Connect with us

Film

The Filmstruck Cram — Day 14: ‘The Player’

When conceiving of The Filmstruck Cram, a priority was certainly to highlight the site’s role in making available the filmographies of iconic directors: Kurosawa, Hitchcock, the Coen Brothers, and Wong Kar-Wai have already appeared in this space — and now Robert Altman. Altman was famously somewhat in the woods during the 1980s after his Popeye became a historical Hollywood mess. One of the most prolific and well-regarded auteurs of the 1970s, he returned to prominence with The Player after a decade which was consequential for America and professionally unkind to the director. In response to both his filmmaking struggles and the corporate realities of post-Reagan America, The Player is a deft skewering of Hollywood that doubles as a cry on behalf of movies.

Altman’s satire follows Griffin Mill (Tim Robbins), a film-studio executive who is on the brink of being replaced by a younger, flashier hotshot (Peter Gallagher). At the same time, Mill receives a string of threatening postcards from someone claiming to be a jilted writer who Mill forgot to call back. While Mill isn’t a cartoonish villain — Robbins is an affable presence, and his executive often just seems motivated by professional and actual survival — Altman locates the degradation of the studio system in Mill’s job description. We see him take a series of meetings which skew humorous (one’s a parodic pitch for The Graduate 2), but Mill doesn’t actually have the power to make a movie. Instead, he only has the power to turn down a pitch or pass it on to higher-ups. As a result, Mill’s actual day-to-day is an exercise in ass-covering; he doesn’t need to succeed — he just needs not to fail.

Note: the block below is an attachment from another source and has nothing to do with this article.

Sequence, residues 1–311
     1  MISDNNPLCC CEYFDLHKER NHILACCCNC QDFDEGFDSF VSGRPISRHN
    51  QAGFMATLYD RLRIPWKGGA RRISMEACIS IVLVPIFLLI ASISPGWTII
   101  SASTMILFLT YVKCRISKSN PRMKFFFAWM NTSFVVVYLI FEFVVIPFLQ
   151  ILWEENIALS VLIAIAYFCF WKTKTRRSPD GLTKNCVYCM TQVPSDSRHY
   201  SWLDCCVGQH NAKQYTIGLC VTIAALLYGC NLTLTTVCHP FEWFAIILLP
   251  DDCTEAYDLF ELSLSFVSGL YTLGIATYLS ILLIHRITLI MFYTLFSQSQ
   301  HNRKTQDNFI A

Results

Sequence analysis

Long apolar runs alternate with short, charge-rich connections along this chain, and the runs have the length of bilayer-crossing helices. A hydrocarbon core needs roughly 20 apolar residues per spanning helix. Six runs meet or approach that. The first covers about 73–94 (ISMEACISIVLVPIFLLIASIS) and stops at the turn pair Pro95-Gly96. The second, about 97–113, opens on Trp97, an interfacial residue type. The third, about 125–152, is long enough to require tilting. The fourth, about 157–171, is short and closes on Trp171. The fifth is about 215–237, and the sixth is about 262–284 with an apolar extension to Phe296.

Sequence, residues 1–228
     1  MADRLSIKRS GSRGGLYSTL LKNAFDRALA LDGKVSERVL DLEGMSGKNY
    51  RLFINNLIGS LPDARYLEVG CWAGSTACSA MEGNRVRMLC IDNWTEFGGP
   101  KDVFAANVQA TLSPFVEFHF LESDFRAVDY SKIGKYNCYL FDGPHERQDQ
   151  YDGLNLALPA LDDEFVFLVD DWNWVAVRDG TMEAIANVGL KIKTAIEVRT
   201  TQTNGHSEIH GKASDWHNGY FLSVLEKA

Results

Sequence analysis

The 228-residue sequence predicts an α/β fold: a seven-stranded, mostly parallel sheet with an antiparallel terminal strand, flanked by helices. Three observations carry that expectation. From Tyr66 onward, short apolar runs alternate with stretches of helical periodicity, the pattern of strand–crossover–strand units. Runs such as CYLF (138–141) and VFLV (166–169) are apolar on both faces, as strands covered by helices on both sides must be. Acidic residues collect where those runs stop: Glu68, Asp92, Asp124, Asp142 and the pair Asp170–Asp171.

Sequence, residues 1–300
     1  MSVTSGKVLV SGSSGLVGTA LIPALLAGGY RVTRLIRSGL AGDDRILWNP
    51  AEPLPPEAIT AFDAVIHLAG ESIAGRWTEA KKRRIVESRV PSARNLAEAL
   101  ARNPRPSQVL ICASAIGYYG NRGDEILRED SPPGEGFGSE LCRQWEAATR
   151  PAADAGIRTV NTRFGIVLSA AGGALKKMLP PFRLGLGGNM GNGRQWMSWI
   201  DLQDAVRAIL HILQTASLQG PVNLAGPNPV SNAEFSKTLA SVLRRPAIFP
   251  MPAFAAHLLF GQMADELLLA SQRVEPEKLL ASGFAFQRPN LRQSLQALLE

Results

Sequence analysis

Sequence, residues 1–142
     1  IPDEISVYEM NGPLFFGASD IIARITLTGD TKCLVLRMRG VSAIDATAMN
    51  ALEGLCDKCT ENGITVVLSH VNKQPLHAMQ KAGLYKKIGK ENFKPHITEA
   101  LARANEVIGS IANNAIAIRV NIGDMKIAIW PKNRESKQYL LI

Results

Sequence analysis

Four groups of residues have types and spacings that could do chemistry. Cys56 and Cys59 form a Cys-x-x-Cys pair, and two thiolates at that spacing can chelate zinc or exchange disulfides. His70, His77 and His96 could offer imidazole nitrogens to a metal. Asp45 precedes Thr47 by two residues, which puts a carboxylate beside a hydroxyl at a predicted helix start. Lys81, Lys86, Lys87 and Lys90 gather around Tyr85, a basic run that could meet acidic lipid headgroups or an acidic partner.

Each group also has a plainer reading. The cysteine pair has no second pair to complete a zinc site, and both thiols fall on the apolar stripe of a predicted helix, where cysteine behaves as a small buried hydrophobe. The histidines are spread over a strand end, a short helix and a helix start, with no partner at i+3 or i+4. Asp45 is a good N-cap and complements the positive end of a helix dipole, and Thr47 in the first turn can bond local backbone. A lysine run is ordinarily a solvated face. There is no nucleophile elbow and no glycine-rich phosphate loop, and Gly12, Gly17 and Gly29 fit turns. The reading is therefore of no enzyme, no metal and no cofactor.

Altman’s commentary is (like the most insightful satire) even more applicable today. One scene finds Gallagher’s exec glibly turning newspaper headlines into log lines, making the point that writers are an expendable cog in the filmmaking process. One can only imagine what fodder Altman would derive from the Superhero industrial complex. As for his portrait of Mill as a self-interested suit, Altman’s skepticism of corporate systems presages the emergence of even larger, more faceless media conglomerates.

The film’s first inflection point — and Mill’s initial turn toward villainy — comes after he confronts and accidentally kills the writer he assumes is responsible for his postcards. Adding to his precarious situation, he enters a romantic relationship with the dead writer’s girlfriend, which arouses the suspicion of the local detective (Whoopie Goldberg). Altman here is angling for his most obvious satire, the ultimate equivalence of studio executive and killer. Indeed, as the film wears on, Robbin’s appearance begins to morph; his usually slick hair becomes unkempt, and his suits become progressively darker until, in the film’s climactic scene, he is wearing all black.